It seems amazing that within our dense, built-up city, there is such a large and wild green space in which to escape from urban life. It could have been a very different story had Victorian plans to privatise the forest and develop the land been successful.
Epping Forest in the 1860s and 1870s was a battleground between landowner and commoner. Their tussles in the courts, in Parliament and amongst the trees decided the way we use the Forest today. Archaeological evidence puts the first human settlement in Epping Forest about 10,000 years ago in Mesolithic times.
It was the scene of Queen Boadicea’s last stand against the Roman armies. Many hundreds of years later, the Forest was where the highwayman Dick Turpin plied his trade.
Through all of Epping Forest’s history, the woodland has been a resource for common people. Under the Charter of the Forest of 1217, Epping Forest was designated a royal forest. Like so many other woodlands, it was reserved as royal hunting grounds.
However, the charter also provided rights, privileges and protection to commoners. The Crown owned the land but, so long as the common man or woman did nothing to harm or hinder the game, for instance putting up fences too high for a deer to jump over, they were guaranteed use of the forest.
Yet, by the 1800s, the status of Epping Forest as common woodland was under threat. Queen Victoria was not interested in hunting and the Crown began to view the forests as ‘waste land’ ripe for cultivation to help feed the rapidly expanding urban population fuelled by the industrial revolution.
Between 1790 and 1850 roughly a third of open space in Epping Forest was fenced off – a process known as ‘enclosure’. Then, in 1860, the Crown sold the forestal rights to the local lords of the manor. The new owners put up more fences to prevent trespassing on their property.
This swift loss of common land sparked a huge outcry. What the Crown, the landowners, and the local authorities had not taken into account was the more modern use of the forest. Every Sunday, freed from the shackles of work, thousands of east Londoners flocked to Epping Forest. They came from as far away as the Isle of Dogs, often making the journey on foot.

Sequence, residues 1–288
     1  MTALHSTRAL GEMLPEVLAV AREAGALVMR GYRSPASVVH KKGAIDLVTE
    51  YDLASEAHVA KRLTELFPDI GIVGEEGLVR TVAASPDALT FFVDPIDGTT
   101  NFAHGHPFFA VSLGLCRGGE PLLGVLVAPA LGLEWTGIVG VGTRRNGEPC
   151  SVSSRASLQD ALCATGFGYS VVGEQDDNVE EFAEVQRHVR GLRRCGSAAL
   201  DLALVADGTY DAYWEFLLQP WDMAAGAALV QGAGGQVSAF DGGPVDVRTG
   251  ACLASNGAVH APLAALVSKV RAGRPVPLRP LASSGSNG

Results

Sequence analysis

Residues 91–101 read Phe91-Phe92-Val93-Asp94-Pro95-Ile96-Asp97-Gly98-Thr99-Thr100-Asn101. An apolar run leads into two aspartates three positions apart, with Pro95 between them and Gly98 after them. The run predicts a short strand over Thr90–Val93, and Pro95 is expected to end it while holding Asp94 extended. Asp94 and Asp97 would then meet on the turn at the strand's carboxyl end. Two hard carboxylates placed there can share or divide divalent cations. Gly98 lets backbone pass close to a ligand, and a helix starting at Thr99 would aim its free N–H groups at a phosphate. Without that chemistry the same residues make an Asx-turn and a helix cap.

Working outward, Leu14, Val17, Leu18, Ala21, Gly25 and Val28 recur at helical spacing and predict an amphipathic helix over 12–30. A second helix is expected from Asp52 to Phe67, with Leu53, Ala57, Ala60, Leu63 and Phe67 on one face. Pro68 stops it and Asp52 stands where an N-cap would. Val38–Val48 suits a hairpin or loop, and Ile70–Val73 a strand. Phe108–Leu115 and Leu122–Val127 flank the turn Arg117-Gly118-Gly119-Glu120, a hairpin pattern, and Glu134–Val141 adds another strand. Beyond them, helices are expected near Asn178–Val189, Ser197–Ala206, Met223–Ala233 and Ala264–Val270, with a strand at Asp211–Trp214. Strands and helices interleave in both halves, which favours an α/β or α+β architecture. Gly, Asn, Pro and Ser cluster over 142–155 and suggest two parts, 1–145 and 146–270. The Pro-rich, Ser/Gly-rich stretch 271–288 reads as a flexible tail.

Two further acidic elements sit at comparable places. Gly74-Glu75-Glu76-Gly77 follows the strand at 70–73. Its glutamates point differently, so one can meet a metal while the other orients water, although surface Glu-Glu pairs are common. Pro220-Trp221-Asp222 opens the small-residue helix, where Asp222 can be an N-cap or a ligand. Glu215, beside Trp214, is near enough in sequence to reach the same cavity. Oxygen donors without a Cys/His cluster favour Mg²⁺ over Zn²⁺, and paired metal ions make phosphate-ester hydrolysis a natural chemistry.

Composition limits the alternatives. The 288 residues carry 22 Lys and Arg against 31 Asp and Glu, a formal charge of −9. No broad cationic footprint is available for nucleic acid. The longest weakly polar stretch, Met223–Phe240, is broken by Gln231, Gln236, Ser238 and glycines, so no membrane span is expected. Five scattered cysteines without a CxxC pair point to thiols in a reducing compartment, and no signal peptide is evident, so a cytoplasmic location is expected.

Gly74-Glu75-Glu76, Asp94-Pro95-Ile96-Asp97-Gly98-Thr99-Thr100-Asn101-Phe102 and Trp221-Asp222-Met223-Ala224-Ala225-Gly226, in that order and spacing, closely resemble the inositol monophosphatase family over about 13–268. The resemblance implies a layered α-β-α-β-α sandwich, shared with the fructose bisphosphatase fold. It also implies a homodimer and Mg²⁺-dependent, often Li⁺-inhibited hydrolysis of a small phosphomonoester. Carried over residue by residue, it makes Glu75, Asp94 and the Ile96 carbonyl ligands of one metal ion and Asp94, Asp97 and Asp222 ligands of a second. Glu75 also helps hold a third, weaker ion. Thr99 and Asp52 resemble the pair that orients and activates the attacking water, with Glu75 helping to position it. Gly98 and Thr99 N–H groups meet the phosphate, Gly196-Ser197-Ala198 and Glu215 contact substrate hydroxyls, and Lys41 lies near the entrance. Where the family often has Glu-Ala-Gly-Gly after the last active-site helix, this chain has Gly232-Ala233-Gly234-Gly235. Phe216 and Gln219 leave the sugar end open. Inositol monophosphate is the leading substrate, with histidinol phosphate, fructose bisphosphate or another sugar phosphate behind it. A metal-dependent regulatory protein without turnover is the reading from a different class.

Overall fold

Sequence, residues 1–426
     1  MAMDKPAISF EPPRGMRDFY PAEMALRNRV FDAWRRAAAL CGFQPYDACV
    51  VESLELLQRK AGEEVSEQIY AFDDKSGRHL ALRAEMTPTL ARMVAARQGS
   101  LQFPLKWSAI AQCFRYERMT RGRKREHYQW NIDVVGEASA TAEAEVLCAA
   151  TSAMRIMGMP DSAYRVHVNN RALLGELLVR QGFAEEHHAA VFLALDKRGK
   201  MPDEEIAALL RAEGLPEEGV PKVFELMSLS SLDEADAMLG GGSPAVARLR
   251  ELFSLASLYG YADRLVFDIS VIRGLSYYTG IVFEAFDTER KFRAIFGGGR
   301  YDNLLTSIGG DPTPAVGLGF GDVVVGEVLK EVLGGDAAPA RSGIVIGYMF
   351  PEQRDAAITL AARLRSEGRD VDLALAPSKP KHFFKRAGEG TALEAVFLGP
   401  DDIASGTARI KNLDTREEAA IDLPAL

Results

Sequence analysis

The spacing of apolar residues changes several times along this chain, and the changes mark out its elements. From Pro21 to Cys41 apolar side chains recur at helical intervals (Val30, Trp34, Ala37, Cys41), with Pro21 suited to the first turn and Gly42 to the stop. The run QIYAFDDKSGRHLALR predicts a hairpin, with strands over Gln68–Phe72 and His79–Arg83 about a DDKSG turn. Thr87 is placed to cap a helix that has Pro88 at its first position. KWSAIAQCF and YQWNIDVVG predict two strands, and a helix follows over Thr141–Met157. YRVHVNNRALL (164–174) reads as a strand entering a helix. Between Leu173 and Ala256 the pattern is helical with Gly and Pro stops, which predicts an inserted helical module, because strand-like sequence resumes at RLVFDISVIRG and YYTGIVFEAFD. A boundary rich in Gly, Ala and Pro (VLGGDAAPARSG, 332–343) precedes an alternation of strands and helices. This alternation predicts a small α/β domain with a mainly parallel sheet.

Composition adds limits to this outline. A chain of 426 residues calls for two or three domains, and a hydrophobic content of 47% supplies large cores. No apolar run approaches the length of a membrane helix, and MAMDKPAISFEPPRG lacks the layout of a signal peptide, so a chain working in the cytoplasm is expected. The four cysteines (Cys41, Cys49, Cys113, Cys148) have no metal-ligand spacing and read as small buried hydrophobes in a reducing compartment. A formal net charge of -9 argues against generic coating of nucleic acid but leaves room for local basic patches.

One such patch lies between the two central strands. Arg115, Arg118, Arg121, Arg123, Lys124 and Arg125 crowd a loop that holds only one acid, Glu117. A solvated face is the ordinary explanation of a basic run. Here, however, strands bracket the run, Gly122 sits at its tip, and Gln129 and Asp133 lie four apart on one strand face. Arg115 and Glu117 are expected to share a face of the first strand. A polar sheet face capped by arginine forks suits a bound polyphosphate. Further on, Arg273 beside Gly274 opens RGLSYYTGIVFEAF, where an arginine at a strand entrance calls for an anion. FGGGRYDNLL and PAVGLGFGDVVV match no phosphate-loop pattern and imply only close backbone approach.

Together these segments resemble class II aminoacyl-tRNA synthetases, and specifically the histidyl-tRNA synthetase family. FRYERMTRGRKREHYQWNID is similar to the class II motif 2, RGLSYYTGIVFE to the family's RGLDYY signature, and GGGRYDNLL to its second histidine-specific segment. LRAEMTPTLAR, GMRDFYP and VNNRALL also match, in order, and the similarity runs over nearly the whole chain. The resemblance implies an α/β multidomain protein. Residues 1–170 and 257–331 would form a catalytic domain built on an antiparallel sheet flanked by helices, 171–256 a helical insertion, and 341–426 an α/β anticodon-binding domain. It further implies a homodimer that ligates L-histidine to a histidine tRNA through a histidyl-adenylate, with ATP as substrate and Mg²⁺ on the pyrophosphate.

Epping Forest was their recreation space. Just as for us today, it was a place of pleasure, a place of peace in which to escape the noise and the grime of the city. Local people were not prepared to relinquish their right to the Forest without a fight.
The enclosures in Epping Forest were not isolated incidents. Across London common land was being sold off and closed up to ordinary people. In response a Commons Preservation Society (CPS) was formed in 1865. It led successful opposition to attempts to enclose Wimbledon Common and to turn Hampstead Heath over to gravel extraction.
The CPS threw its weight behind the campaign to save Epping Forest and east Londoners formed their own local committee in 1866. Large public meetings were attended by thousands of protestors. The Woodford Times reported the speakers remarking on their rights as commoners to the Forest since ‘time immemorial’. One speech reflected the feelings of injustice and double standards by quoting the poem:
‘The law locks up the man or woman Who steals the goose off the common But leaves the greater villain loose
Who steals the common from the goose.’
National newspapers joined local media in support of the campaign. The Daily Telegraph called for ‘the East-end [to] stand to its guns’ and The Daily News raged against ‘the recreation ground of thousands of smoke dried toilers’ being taken away to ‘make rich men richer’.
Pressure was also brought to bear in Parliament. In 1871 the Epping Forest Act created a Royal Commission to investigate the problem of the forest. At the same time the City of London Corporation also began to take an active interest, commencing legal proceedings in defence of common rights throughout the whole forest.
For some of the Epping Forest campaigners, the legal challenges and Royal Commission moved too slowly. George Burley, an industrialist from Milwall, was one of the most outspoken in calling for action on the ground:
‘It was not only the rich that had rights – the poor had rights also and if the rich put up fences where they had no right to do so, the poor would be justified in pulling them down again.’
Which is exactly what they did.
With peaceful but purposeful demonstrations, hundreds of east Londoners took matters into their own hands; pulling down the fences.
The direct action led by Burley and others proved the public opposition to the enclosures was too strong for the authorities to let them stand. In 1878 the City of London Corporation were appointed Conservators of the Forest with a duty to keep the woodlands open to the public as recreation space.
All enclosures of the previous 20 years were declared illegal and opened up once more. What was once a royal playground was now legally reserved for the pleasure of the urban worker as the Epping Forest we enjoy today.
By Daniel Shannon-Hughes